c.1300, from Anglo-French vengeaunce, Old French vengeance "revenge," from vengier "take revenge," from Latin vindicare "to set free, claim, avenge" (see vindicate).
Vengeance is mine, ... saith the Lord. Therefore if thine enemy hunger, feed him; if he thirst, give him drink; for in so doing thou shalt heap coals of fire upon his head. [Paul to the Romans, xii:19-20]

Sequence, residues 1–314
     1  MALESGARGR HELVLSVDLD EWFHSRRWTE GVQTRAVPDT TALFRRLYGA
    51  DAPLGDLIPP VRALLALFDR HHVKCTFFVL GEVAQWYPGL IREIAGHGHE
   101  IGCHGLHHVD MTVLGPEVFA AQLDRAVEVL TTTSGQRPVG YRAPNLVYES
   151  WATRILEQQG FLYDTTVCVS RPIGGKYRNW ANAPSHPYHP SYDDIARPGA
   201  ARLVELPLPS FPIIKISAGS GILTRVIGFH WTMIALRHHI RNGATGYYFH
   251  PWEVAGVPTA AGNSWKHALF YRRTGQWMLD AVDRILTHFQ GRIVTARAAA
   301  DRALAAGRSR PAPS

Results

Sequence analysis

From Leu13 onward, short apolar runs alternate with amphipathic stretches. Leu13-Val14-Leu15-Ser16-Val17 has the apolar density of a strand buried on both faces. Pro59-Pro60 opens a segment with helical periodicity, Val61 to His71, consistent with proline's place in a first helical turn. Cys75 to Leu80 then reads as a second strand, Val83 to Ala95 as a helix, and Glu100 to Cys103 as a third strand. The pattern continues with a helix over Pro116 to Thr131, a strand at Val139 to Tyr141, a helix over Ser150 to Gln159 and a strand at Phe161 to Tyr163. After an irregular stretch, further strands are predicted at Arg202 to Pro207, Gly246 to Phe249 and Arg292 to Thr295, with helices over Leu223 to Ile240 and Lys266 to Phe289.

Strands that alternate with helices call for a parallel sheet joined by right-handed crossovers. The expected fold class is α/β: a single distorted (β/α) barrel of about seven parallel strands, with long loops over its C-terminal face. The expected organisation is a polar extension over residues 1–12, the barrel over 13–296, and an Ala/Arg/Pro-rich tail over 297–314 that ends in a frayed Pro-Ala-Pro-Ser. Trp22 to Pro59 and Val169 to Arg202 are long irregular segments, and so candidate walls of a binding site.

With great violence or energy; also, to an extreme degree. For example, The cottage was filthy and Ruth began cleaning with a vengeance, or December has turned cold with a vengeance. This expression was first recorded in 1533. Also see with a will.